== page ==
Are those really grounds to be considered the greatest?

That depends on your definition of greatest. And that might depend on whether you place winning in a social context, or just consider the physical activity. By the former criterion, a lot of people, the greatest ever would have to be Jesse Owens, the black American track and field athlete who went to Adolf Hitler's propaganda-driven 1936 Games in Berlin and walked away with four gold medals. Like Blankers-Koen, winning four was a superb achievement in itself: he won the 100m, 200m, long jump and a relay running gold.

What if physical exertion is our criterion?

Even then, it's not easy to say which sport is "the hardest" or which multiple medallists in that sport therefore challenge to be the greatest. The inherent challenge of, say, running a marathon, is much tougher than running 400 metres. Runners over shorter distances can and do win more than one medal at a Games. Britain's Kelly Holmes did so in Athens in 2004, over 800m and 1,500m. But in general terms, more people qualify for the "easier" events, so the competition is tougher to actually win them.

And a lot of people swim, don't they?

Like running, swimming is a sport that is pretty much open to everyone, even though swimmers may struggle in some countries (like Britain) to find Olympic-sized 50m pools to train in. And though swimming is one of the most popular recreational activities in the world, and many thousands try to enter the Olympics every four years, relatively few ever get there. Fewer still win any medals, let alone gold, let alone 11 of them. Nobody, in fact, except Phelps.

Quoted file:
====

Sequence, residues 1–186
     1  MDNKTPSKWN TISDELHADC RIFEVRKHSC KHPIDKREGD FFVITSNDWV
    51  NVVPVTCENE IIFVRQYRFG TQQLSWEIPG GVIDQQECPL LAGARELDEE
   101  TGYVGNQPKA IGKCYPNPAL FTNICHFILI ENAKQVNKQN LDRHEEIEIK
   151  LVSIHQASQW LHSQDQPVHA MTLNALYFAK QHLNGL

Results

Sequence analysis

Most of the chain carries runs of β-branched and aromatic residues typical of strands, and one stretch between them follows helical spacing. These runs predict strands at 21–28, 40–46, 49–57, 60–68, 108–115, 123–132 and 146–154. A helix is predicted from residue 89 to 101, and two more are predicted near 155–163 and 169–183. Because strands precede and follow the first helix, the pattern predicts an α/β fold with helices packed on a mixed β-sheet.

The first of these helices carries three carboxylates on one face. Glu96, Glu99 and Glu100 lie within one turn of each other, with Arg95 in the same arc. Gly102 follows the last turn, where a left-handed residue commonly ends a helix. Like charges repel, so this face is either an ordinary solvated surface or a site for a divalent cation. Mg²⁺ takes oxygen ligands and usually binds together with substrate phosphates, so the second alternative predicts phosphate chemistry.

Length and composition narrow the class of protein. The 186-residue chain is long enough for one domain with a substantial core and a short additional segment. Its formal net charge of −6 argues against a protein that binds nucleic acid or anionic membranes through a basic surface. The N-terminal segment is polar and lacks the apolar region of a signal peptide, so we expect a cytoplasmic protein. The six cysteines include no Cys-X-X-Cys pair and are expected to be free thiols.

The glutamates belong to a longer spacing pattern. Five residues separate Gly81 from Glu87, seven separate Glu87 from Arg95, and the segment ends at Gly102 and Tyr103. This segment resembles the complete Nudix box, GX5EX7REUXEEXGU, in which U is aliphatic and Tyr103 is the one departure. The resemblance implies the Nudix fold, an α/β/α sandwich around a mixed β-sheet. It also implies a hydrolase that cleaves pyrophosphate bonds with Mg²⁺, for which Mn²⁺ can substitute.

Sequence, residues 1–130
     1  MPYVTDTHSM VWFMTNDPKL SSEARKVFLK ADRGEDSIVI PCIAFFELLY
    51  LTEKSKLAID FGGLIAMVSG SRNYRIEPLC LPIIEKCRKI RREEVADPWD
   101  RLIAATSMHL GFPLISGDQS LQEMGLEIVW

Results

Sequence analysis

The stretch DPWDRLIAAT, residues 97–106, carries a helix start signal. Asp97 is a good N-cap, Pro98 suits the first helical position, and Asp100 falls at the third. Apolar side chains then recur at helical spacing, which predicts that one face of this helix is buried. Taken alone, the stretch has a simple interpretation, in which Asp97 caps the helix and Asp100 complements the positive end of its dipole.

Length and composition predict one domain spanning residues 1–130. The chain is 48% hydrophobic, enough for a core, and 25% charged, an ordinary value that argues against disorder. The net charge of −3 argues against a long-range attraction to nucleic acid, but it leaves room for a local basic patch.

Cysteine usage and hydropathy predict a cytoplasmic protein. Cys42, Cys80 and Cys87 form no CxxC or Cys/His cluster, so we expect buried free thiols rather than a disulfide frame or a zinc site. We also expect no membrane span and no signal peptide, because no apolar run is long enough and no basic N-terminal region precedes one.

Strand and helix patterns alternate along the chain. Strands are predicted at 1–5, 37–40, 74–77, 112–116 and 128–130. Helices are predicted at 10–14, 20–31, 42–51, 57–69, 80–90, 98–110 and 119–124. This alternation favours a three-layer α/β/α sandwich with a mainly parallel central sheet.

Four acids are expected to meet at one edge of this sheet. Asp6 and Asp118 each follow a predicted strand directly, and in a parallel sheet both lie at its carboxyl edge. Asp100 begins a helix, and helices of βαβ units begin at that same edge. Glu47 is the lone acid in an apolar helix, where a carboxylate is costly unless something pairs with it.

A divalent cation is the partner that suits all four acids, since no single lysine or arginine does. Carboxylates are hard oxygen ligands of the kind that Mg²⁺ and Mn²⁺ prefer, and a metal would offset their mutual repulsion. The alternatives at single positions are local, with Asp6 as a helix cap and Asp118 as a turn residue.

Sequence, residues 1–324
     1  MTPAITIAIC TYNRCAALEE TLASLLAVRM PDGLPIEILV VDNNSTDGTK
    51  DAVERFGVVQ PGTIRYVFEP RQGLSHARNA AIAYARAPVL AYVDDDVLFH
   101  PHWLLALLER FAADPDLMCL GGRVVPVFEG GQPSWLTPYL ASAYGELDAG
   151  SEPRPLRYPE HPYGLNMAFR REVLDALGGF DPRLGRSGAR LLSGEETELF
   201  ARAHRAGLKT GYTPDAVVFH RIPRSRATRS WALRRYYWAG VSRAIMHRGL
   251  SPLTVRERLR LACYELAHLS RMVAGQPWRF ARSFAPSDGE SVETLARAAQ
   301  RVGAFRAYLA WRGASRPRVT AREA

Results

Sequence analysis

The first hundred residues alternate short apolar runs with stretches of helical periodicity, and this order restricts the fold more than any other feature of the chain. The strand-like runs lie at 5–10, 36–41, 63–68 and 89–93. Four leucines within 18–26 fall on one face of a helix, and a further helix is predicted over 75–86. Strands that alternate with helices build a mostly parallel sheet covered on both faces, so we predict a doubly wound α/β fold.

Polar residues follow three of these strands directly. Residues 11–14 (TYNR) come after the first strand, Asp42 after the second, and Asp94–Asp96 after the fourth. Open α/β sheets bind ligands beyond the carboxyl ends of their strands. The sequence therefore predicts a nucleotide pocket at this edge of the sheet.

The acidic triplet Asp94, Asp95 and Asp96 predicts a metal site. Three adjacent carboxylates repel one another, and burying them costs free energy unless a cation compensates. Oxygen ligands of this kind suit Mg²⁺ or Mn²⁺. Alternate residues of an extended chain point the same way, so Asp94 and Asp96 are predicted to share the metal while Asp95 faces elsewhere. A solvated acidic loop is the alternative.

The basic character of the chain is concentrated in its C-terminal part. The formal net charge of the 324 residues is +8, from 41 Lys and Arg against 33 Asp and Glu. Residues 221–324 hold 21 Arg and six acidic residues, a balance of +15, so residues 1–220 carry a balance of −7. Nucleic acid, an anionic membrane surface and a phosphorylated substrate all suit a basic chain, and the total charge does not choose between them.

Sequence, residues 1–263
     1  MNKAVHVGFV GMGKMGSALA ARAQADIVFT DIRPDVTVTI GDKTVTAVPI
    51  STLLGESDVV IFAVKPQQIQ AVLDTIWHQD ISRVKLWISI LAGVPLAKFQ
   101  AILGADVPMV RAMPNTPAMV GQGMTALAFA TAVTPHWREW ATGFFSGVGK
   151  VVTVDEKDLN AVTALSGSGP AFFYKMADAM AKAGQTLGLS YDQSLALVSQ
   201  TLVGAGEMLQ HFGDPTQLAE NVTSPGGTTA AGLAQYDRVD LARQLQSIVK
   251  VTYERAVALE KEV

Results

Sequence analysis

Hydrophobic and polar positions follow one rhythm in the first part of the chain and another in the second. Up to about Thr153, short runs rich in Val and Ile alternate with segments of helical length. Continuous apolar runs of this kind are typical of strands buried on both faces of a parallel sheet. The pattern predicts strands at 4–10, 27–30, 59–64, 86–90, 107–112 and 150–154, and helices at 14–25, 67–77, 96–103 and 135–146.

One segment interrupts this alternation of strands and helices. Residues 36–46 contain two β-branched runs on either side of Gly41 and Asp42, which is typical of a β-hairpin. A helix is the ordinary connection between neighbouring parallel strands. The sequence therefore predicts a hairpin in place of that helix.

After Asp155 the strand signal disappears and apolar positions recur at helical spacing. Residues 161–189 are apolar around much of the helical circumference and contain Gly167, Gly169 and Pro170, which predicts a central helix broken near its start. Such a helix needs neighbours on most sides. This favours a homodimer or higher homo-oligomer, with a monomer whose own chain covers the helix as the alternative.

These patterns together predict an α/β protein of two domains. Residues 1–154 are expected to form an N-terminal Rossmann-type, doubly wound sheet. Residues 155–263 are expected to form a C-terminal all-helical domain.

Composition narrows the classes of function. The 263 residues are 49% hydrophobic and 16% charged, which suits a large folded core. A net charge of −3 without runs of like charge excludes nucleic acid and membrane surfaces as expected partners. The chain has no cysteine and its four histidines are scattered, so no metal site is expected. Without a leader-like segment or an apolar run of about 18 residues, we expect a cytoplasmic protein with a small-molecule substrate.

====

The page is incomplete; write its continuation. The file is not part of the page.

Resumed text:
Is it easier for swimmers to win medals?


* Michael Phelps is swimming in eight events and lots of swimmers are similarly prolific

* The swimming events are basically similar, relying on the same rhythmic motor skills

* Most races do not last long, between 25 seconds and a few minutes as a rule


* Just qualifying for the Olympic Games would be unachievable for most people

* Swimmers have relatively short careers that severely punish their bodies

* Plenty of other sports, notably gymnastics, offer chances to win lots of medals